"But how do you intend to accomplish it? The diamond is in the treasury, which is inaccessible. A person can only come in and especially carry something out of there with the Duke present and by his consent, or by presenting an order from the Duke to the guards, stamped with his personal seal. Which is magically protected and cannot be counterfeited."
Everyone in the room knows perfectly well that Mireya has a man capable of forging the Duke's handwriting, including his signature. But the seal is a different matter. It was very carefully made by the best master of this craft; then a special spell was cast on it; thus forging it would be impossible.
"You're right," confirms the duchess, who has already had time to think over this aspect of her plan. "That's why we'll have to steal the seal. Just for a little while. Then we draw up the appropriate document, quickly gain access to the treasury with its help, and take the diamond. Thereafter we will immediately move the jewel to a safe location. If we were to keep it here Conrad's people would find it sooner or later."
Mireya undoubtedly expects my approval. But after some thought, I resolutely shake my head.
"I am totally against it."
"What?" Mireya is not angry, but in her face I can see genuine surprise.
"Madam, I believe that you must not take this course of action."
I know that I can be perfectly candid, and I consider it important to do so.
"The risk is huge;" I begin to list the cons of the proposed plan. «First you have to steal the seal out of the Duke's private quarters. Then retrieve the diamond using forged documents. But considering its incredible value the guards may not allow someone to take it, even with the document. What if they send a man to the Duke to clarify his intentions? In the best case scenario, the person retrieving the diamond would have a chance to escape. But what if they guard him while they check? And I haven't even started talking about smuggling the diamond out of the castle.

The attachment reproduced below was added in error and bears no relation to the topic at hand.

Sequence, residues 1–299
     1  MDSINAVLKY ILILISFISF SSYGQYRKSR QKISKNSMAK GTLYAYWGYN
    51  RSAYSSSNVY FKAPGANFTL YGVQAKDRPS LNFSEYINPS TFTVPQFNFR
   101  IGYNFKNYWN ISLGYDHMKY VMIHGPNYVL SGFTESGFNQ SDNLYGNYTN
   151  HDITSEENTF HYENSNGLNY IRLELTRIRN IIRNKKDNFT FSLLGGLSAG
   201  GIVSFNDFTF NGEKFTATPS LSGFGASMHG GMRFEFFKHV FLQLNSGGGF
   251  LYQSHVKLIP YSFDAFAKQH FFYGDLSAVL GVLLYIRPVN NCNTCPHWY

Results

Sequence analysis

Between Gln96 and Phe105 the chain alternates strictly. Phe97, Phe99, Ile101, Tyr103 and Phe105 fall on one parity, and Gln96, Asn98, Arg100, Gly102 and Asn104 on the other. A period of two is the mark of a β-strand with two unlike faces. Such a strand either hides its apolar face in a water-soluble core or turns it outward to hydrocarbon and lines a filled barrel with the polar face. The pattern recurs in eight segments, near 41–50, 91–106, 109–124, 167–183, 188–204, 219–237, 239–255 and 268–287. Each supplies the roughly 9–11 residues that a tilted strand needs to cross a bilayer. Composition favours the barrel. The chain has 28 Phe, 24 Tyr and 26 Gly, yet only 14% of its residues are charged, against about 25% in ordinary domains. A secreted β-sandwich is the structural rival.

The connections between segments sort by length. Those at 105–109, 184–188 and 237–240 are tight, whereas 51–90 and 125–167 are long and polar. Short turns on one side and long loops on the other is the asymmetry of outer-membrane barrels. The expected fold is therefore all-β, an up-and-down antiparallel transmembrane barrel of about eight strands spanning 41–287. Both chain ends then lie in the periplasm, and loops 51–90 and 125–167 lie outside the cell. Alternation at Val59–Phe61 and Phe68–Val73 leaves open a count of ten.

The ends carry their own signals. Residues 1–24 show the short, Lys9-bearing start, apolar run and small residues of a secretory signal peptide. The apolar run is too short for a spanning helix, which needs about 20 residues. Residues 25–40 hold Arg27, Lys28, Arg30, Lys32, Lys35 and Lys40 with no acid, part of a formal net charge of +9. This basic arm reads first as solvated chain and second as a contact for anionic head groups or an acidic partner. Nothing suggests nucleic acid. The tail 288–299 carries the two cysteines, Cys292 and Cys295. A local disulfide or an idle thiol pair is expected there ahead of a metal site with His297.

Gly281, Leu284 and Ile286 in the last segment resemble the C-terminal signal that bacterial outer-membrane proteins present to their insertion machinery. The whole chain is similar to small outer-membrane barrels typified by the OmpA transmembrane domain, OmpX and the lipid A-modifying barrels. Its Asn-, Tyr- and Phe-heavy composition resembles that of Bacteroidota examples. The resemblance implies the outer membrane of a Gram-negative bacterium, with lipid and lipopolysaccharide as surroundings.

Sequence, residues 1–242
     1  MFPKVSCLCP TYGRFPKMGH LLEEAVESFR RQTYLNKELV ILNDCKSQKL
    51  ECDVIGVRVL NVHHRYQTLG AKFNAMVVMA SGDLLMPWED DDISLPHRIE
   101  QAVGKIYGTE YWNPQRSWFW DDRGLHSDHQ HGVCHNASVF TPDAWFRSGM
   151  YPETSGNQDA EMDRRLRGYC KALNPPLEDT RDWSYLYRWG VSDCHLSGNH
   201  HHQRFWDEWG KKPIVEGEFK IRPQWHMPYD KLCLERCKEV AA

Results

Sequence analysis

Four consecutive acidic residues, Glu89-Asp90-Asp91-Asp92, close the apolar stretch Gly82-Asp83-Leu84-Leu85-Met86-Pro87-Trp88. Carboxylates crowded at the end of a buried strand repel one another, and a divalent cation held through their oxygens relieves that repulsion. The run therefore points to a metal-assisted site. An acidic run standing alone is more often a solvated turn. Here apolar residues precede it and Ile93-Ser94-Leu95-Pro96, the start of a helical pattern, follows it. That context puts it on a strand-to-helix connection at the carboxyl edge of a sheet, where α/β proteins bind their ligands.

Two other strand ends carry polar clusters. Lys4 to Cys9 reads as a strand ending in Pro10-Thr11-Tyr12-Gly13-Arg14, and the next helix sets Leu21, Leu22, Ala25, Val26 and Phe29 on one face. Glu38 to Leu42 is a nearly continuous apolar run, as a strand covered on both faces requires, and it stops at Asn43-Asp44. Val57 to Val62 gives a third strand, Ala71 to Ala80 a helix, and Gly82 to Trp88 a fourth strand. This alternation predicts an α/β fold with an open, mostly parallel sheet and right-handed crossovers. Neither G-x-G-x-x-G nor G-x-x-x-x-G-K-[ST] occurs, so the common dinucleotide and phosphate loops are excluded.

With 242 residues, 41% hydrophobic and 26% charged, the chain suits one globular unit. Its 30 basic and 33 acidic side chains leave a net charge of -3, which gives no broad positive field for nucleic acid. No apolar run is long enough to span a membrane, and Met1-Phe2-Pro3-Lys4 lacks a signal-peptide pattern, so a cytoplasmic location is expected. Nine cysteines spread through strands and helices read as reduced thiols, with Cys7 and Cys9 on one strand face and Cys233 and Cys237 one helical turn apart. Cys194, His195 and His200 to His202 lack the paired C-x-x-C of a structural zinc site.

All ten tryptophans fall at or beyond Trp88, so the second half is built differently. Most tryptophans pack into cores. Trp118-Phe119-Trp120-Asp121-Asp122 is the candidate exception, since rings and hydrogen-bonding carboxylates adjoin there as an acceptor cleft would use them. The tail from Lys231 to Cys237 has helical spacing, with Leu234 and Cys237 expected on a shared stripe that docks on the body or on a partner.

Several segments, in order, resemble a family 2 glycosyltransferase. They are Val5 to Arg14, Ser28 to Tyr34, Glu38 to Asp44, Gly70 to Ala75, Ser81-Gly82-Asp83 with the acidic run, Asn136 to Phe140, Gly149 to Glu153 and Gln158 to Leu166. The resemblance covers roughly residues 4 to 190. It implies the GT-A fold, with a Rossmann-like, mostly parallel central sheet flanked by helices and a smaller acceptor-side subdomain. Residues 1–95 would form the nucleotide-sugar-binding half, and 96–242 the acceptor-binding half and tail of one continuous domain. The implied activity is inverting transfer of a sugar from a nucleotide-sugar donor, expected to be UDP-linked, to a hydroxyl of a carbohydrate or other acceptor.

How are you planning to do it, given that we are afraid even to send a letter? Moreover, where would you send it? And whom would you trust to guard it? It is an incredibly valuable thing! God help us if it were stolen! What would we do then? Also" — I once again shake my head, trying to appeal to Mireya's good judgment — "it's not just a risky move. Not just an intrigue. It is against the law. We are talking about a serious offence. Furthermore, it is stealing from the treasury of the Duchy. This means it is equivalent to a state crime. The same goes for the theft of the seal. Lady Mireya, believe me, if something goes wrong, your brother will not leave it at that. Even if we manage to execute the plan to perfection, he will find a way to create a very serious problem for you. Much more serious than using part of the dowry for his own goals. And I haven't even mentioned the fate that awaits the executors of this plan. They will certainly not handle us with kid gloves. After all, the penalties for crimes of national importance are very harsh, up to and including the death penalty. Even for noblemen. Perhaps for noblemen first and foremost."
"I could not agree more," Ilona declares from her seat.
Mireya clearly doesn't like our consensus. Pursing her lips, she looks at us, not too pleased. However, as dissatisfied as she may be, our resistance doesn't enrage her, unlike the Duke's recent actions. She doesn’t like the situation, but she is ready to bear it.
"So, you refuse to participate in such a venture?" she asks me.
"Yes" I say. "I'm not going to take part in it and I think that we have to act differently." I try to speak as convincingly as possible. «We should again consider possible ways of sending a letter and in the meantime look for alternatives. Lady Mireya, I'm sure we'll figure something out. But the theft of the diamond would only lead to disaster."
"Ilona, what do you think?" Mireya turns to my friend.
"I fully support Nessa." Ilona's voice does not have the slightest hint of doubt.
Mireya thinks for a moment, biting her lip and drumming her manicured fingers on the elegantly curved backrest.
"Well”, finally, she sighs. «I’ll have to weigh carefully everything you have said. And reach a decision."

pre-order on Amazon

No comments:

Post a Comment